Lululemon Athletica Inc. stock slid in the extended session Thursday after the athleisure-wear maker reported mixed quarterly results and saw inventories soar.
However, management for the company, during a conference call to discuss the results, said they were comfortable with their levels of unsold goods, and said the state of its warehouses and backroom shelves left the company well-stocked for the holidays.
Chief Executive Calvin McDonald said during the call that Lululemon’s
core styles still made up around 45% of that inventory, and carried “limited seasonal markdown risk.” He added that supply chains were opening up, and that the third quarter represented “the high point” for its inventories, when measured by dollar amount.
“As we discussed, our inventory levels were too lean last year, and we made the strategic decision to build inventories this year, which enabled the strong top-line growth we have delivered,” he said.
The retailer, in its earnings release prior to the call, said it ended the third quarter with inventories up 85% to $1.7 billion, compared with $900 million at the end of the third quarter of 2021.
“The company believes its inventories are well-positioned to support its expected revenue growth in the fourth quarter,” it said in a statement.
Lululemon earned $735 million, or $2 a share, in the third quarter, compared with $541 million, or $1.44 a share, in the same quarter last year. Adjusted for one-time items, Lululemon earned $1.62 a share.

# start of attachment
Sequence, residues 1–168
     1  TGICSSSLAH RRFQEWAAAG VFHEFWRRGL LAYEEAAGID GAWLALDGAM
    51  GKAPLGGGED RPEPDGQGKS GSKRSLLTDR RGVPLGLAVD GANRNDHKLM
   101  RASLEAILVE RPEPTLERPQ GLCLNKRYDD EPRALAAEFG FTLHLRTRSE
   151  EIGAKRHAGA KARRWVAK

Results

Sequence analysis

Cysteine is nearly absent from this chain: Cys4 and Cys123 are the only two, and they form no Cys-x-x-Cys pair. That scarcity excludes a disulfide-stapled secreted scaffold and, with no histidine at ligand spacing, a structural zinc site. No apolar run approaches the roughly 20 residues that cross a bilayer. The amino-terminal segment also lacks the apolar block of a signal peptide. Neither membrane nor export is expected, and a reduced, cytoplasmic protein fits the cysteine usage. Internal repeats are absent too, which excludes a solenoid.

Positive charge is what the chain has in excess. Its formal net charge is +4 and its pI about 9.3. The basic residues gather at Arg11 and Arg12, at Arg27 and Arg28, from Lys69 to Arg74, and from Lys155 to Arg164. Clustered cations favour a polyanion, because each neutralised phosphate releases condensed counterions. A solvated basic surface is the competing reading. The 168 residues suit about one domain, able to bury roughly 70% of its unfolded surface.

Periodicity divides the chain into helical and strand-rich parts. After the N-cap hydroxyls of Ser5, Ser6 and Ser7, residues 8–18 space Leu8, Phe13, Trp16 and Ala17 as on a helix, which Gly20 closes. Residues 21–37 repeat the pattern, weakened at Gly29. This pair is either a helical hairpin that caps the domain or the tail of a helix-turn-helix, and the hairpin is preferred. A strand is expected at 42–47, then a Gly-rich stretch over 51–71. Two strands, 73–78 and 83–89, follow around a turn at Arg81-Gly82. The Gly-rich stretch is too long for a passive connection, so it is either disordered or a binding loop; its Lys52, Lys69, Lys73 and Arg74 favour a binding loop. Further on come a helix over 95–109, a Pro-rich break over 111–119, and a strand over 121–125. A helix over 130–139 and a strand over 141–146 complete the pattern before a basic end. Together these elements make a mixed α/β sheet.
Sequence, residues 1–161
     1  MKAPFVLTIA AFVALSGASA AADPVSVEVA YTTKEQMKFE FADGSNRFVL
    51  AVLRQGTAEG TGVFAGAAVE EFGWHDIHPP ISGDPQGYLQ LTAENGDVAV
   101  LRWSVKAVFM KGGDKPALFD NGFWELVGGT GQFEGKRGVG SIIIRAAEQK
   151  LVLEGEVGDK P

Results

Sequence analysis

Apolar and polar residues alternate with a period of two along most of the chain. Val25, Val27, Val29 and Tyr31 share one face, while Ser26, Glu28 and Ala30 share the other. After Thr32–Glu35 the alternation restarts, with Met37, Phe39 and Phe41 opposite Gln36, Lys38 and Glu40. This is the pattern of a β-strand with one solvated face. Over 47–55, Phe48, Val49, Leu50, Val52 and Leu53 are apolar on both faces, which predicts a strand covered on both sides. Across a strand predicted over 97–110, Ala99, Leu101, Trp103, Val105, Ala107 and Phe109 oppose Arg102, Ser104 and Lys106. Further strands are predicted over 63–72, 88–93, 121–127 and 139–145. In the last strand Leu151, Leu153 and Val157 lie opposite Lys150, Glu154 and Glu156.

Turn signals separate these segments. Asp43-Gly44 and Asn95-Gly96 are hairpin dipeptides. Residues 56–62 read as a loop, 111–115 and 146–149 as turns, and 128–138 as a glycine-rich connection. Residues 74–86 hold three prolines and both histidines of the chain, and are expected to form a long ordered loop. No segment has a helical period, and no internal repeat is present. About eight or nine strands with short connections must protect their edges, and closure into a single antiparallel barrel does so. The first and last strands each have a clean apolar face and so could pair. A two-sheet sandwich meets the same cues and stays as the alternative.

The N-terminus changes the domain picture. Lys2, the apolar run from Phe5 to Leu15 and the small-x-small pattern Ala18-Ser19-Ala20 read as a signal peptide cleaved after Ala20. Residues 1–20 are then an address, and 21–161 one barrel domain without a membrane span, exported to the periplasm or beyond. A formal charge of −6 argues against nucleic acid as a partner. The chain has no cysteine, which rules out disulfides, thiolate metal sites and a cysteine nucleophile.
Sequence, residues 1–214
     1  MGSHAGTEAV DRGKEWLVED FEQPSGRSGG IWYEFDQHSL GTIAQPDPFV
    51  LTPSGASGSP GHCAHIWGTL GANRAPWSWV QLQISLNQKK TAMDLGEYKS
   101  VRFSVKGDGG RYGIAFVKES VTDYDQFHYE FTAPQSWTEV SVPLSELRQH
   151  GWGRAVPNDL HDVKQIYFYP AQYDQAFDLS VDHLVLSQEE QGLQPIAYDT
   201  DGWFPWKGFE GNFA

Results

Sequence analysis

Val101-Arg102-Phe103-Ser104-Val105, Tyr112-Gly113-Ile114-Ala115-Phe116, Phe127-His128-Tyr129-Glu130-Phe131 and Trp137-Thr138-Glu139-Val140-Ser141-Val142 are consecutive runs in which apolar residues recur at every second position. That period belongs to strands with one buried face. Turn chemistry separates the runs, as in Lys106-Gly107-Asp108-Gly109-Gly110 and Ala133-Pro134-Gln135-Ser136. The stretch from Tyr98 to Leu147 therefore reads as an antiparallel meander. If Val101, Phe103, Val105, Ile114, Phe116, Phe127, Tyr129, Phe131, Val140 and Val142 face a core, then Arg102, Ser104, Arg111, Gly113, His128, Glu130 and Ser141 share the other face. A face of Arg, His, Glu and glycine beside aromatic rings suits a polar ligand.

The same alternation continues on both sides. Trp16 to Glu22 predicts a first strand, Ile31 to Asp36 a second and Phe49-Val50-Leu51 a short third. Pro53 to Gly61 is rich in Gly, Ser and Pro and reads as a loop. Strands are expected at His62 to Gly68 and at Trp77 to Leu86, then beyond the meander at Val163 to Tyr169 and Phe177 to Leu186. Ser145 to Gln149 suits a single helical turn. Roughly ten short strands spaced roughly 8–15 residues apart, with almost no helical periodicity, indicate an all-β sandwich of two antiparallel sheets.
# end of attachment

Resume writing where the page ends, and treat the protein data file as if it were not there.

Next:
Revenue rose 28% to $1.9 billion, the company said. Same-store sales were up 22%.
Analysts polled by FactSet expected Lululemon to earn $1.97 a share on revenue of $1.81 billion. Same-store sales were expected to rise 19.1%.
“We are proud to have delivered another quarter of strong sales and earnings growth, despite an operating environment that remains dynamic,” Chief Financial Officer Meghan Frank said in the release.
Lululemon forecast fourth-quarter revenue between $2.605 billion and $2.655 billion, and adjusted earnings per share between $4.20 and $4.30.
For the full year, the company expects revenue between $7.944 billion and $7.994 billion, and adjusted EPS between $9.87 and $9.97. FactSet consensus calls for EPS of $9.92 on sales of $7.935 billion.
Shares were down 7.3% after hours Thursday evening. In the earlier stretches of after-hours trade, they were down as much as 10%.
Analysts were relatively upbeat about Lululemon heading into the results, saying the company was able to keep its prices higher, even while other retailers cut theirs as more expensive essentials reshape consumer demand, leaving clothing and other goods stuck in boxes in warehouses.
Retailers have slashed prices on clothing in an effort to clear shelves and entice customers. But Raymond James analysts, in a note this week, said they found that Lululemon “didn’t have broad-based promotions” in the third quarter, or the fourth quarter so far.
They said that the company leaned on its “We Made Too Much” section to iron out its inventories. And they noted a jump in downloads for Lululemon’s app. However, they said business in China “could be a curveball” amid that nation’s COVID-19 restrictions.
Piper Sandler analysts, in October, also said that Lululemon remained more insulated than other clothing retailers from big markdowns.
Lululemon stock is down 4% so far this year. The S&P 500 Index
by comparison, has slid 17% over that time.
Claudia Assis in San Francisco contributed to this report.